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West. This advice he followed without delay, met with a cordial reception from the benign painter, and passed some years in his family. From London he went to Devonshire, and practised his art for a considerable period; but while there "a change came
; o'er the spirit of his dream.” Never having greatly excelled in painting, and having a natural love of enterprise, his late social advantages had enlarged his views, and excited a deep and intelligent interest in plans of broad, practical utility. Before leaving home he had enjoyed the friendship of Franklin, who, indeed, first introduced him to West. With his mind thus quickened by the companionship of men of superior gifts and extensive ideas, while passing through the manufacturing towns of England he heard of the success of Arkwright's invention. His practical and at the same time imaginative mind took in, at a glance, the possible influence of manufactures upon human welfare, the new avenues to wealth incident to mechanical skill, and the extraordinary natural advantages of his own country as the arena of great improvements in political as well as social economy. An acquaintance formed at this period with the Earl of Stanhope and the Duke of Bridgewater — names honorably identified with recent improvements in inland navigation — tended still more to confirm Fulton's resolution to devote his energies to mechanical science. Accordingly, he began by experiments with the inclined plane as a means of canal transportation, invented a machine for sawing marble, one for spinning flax, one for making rope, another for scooping earth, and published a treatise, in 1796, on Canal Navigation. These, and other of Fulton's early labors in the new field he had chosen, were more or less recognized and honored. He obtained patents and medals, and, what was of equal importance to his future success, the confidence and sympathy of many persons of influence. It is to be regretted that the written memorials of this part of his life, when he was engaged in the study and observation upon which his subsequent career was based, were lost by shipwreck on their way to this country. In pursuance of the course he had now earnestly adopted, Fulton repaired to Paris, and there formed a life-long friendship with Joel Barlow, then our minister at the court of France, with whom he long resided. Here he was soon absorbed in experiments to perfect a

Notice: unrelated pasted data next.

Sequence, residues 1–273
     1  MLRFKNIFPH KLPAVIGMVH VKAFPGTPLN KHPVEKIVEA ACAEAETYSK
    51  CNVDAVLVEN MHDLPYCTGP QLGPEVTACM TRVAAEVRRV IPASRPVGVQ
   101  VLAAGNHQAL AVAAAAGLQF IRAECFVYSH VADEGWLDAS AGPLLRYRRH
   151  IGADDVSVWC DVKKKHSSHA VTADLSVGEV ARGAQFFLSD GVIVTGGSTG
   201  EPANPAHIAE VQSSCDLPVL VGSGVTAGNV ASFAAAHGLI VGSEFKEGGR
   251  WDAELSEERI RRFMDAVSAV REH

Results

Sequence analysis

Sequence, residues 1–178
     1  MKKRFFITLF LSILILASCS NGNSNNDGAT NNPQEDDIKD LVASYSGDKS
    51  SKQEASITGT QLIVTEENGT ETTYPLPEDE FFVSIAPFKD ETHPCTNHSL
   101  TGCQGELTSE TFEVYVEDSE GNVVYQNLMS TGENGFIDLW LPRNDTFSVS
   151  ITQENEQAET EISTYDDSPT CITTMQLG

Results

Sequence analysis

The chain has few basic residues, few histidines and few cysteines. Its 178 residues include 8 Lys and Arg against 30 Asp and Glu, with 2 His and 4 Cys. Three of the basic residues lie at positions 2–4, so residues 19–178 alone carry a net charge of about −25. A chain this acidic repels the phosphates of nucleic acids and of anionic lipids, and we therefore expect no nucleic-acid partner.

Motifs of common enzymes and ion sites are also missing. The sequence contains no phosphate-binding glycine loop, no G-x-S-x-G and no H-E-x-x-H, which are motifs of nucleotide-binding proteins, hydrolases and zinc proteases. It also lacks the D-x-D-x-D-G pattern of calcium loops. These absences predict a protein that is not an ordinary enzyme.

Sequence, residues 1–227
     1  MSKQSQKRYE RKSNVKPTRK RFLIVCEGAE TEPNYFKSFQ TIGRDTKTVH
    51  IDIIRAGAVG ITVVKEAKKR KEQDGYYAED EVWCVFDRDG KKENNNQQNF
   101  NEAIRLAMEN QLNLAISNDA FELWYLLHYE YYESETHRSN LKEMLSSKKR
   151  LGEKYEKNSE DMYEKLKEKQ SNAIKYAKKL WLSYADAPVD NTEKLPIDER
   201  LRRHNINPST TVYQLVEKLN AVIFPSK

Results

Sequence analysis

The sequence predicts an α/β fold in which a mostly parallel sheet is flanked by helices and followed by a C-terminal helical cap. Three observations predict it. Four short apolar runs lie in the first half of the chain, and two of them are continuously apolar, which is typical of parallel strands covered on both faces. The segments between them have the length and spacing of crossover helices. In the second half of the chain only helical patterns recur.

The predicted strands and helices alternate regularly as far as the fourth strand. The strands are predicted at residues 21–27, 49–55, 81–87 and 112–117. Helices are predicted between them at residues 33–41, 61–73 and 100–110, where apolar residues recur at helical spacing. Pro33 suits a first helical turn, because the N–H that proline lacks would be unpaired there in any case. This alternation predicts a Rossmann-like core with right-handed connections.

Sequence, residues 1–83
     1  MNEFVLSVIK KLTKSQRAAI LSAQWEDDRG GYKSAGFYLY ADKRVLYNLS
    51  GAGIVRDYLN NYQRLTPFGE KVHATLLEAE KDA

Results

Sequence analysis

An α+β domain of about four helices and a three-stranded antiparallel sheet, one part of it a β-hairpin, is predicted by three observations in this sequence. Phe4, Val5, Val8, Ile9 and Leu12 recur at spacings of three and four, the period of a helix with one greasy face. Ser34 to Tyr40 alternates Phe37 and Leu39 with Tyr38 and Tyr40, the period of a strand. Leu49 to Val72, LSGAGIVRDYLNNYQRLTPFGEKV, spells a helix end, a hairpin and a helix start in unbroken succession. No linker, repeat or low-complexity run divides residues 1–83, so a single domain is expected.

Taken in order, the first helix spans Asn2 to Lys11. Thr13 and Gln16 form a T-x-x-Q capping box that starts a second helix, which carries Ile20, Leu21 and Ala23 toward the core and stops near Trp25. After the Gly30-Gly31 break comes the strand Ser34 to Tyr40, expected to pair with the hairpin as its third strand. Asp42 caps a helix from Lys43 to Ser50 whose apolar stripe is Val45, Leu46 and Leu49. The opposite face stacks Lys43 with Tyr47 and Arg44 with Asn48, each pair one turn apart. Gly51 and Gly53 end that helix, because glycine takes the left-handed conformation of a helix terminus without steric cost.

scheme of submarine explosion, and sought the aid successively of the French, English, and Dutch governments, which appointed commissioners to examine the invention. In each case the report was adverse to its practical utility, yet Fulton continued to improve upon the original conception, invented a submarine boat to act in concert with the torpedo, and exhibited the greatest ingenuity and dauntless ardor in prosecuting this favorite scheme for a series of years, both at home and abroad. Already an accomplished draftsman, he made himself an efficient civil engineer while in Europe, studied physics, mathematics, and perspective, and returned to New York, in 1807, where he immediately began a series of attempts to perfect the application of steam to navigation, and to enlist the government in behalf of his plans of naval warfare. In the midst of his most active usefulness, after the triumph of his great invention, while contending for his right to a share of the vast emolument it already began to yield, and while enjoying the recognition and the domestic happiness which were the just reward of a life devoted to objects intimately connected with human welfare, in the prime of his usefulness, honor, and life, he died. It is said that this event called forth more public tokens of respect and sorrow than ever before attended the demise of a private citizen in the same city and state. If this was the case, it may be attributed, in a measure at least, to a consciousness of worth unappreciated, and character misunderstood; for, although Fulton had several friends whose devotion knew no bounds, it is undeniable that political and local prejudice, and a narrow view of his claims and purposes, rendered not a few of his countrymen insensible to his genuine value until death revealed to them the singular combination of moral energy, noble feeling, and inventive genius, which distinguished Robert Fulton. To realize this it is necessary to transcend the brief outline we have given, and survey his qualities together.